The lawyers tell me that if I do that I'm crossing the line. I'm so glad I have crossed that line so many times.

(Thank you. [sustained applause])

I'm trying to be brief.

When I left my outline over on the chair over there, I did, however, write down on the little back of a business card one little note that I did not want to forget. There are two places in the Bible where it says that Jesus "was amazed." One is at the faith of the Centurion,1 a simple soldier, a leader of men; and the other was at the unbelief of his own townspeople.2 I am telling you that your own Armed Forces, the sons and daughters of the men and women like you that are wearing the uniform -- there are thousands of them who have the faith of that Centurion. Yet we are being told to hide that light under a basket.

I'm telling you that I am coming out today to tell you I am not going to run from my religious freedoms, from my right under the Constitution to tell a young man that there is hope.

(Please...thank you. Please, please. [sustained applause])

I am not worthy of that.

I just want to leave you with this: We place great emphasis on leadership. Night before last I went on the Internet. And I went on And I went into the book section. And I went to their search engine. And I put into that search engine the keyword "leadership." And I did a search. I got 91,125 hits on books written on or about leadership.3 There are many, many good leadership books in there. No doubt. And I've read a lot of them. I cannot dispute their validity or the purpose that they were intended [for].

But the best book of leadership was nowhere on that list.

The best book of leadership is this book right here: the Holy Bible, the Scriptures written over the course of 1400 years or so -- because in this book it teaches you first and foremost how to be a follower, and you cannot be a leader until you know how to follow, and you have got a right and proper moral compass -- such is that that we read in the Holy Scriptures, in the Judeo-Christian system of values.

I ask that you men and women pray for us -- that you will pray that we will be able to weather the storm that I am almost certain will come; that we will not be required to put aside our constitutional rights to express our religious faith.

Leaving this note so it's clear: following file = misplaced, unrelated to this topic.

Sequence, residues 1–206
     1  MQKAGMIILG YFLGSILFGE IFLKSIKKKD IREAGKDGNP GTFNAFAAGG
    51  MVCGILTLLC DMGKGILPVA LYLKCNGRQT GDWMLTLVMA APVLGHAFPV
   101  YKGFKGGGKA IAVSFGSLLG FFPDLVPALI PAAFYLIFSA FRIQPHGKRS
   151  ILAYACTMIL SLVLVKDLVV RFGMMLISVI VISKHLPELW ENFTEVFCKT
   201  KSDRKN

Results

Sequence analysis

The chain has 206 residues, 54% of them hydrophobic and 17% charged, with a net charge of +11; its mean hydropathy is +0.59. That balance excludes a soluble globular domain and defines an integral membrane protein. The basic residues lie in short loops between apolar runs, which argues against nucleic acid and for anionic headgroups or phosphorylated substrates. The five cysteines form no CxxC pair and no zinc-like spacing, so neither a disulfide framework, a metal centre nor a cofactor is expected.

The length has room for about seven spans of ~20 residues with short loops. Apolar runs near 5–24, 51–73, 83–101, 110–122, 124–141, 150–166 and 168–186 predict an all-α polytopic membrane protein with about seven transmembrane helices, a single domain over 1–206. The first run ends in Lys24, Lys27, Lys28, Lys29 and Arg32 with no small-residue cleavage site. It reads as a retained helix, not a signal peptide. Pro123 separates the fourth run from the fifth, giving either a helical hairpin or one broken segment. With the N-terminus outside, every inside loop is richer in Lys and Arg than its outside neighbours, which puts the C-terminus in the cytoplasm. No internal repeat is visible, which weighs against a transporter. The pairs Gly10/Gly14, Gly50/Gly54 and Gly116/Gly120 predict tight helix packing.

I am not talking about proselytizing. I am vehemently against that. I'm talking about gently whispering the gospel.

You're likely to see much ado about this in the future. But I leave you with this: This is not a Christian issue; it is not a Jewish issue or a Muslim issue or a Hindu issue. This is an American issue.

Pray for your United States military and let us take a stand and not run.

God bless you all.

1 The "Faith of the Centurion" passage is recorded in both Matthew (chapter 8) and Luke (chapter 7). Extended quotation from Luke 7: 1-10: "When Jesus had finished saying all this to the people who were listening, he entered Capernaum. There a centurionís servant, whom his master valued highly, was sick and about to die. The centurion heard of Jesus and sent some elders of the Jews to him, asking him to come and heal his servant. When they came to Jesus, they pleaded earnestly with him, 'This man deserves to have you do this, because he loves our nation and has built our synagogue.' So Jesus went with them. He was not far from the house when the centurion sent friends to say to him: 'Lord, donít trouble yourself, for I do not deserve to have you come under my roof. That is why I did not even consider myself worthy to come to you. But say the word, and my servant will be healed. For I myself am a man under authority, with soldiers under me. I tell this one,'Go,'' and he goes; and that one, ''Come,' and he comes. I say to my servant, ''Do this,' and he does it. When Jesus heard this, he was amazed at him, and turning to the crowd following him, he said, 'I tell you, I have not found such great faith even in Israel.' Then the men who had been sent returned to the house and found the servant well." [NIV, Source:, emphasis added]

2 Mark 6:6. Extended quotation from Mark 6:1-6: "Jesus left there and went to his hometown, accompanied by his disciples.When the Sabbath came, he began to teach in the synagogue, and many who heard him were amazed. 'Where did this man get these things?' they asked. 'Whatís this wisdom that has been given him? What are these remarkable miracles he is performing? Isnít this the carpenter? Isnít this Maryís son and the brother of James, Joseph, Judas and Simon? Arenít his sisters here with us?' And they took offense at him. Jesus said to them, 'A prophet is not without honor except in his own town, among his relatives and in his own home.' He could not do any miracles there, except lay his hands on a few sick people and heal them. He was amazed at their lack of faith." [NIV, Source:, emphasis added]

3 Preceding lines rhetorically figured in Polysyndeton with the word "and"

See also: Adm. Lee's bio at the Dept of Homeland Security

Page Updated: 11/8/23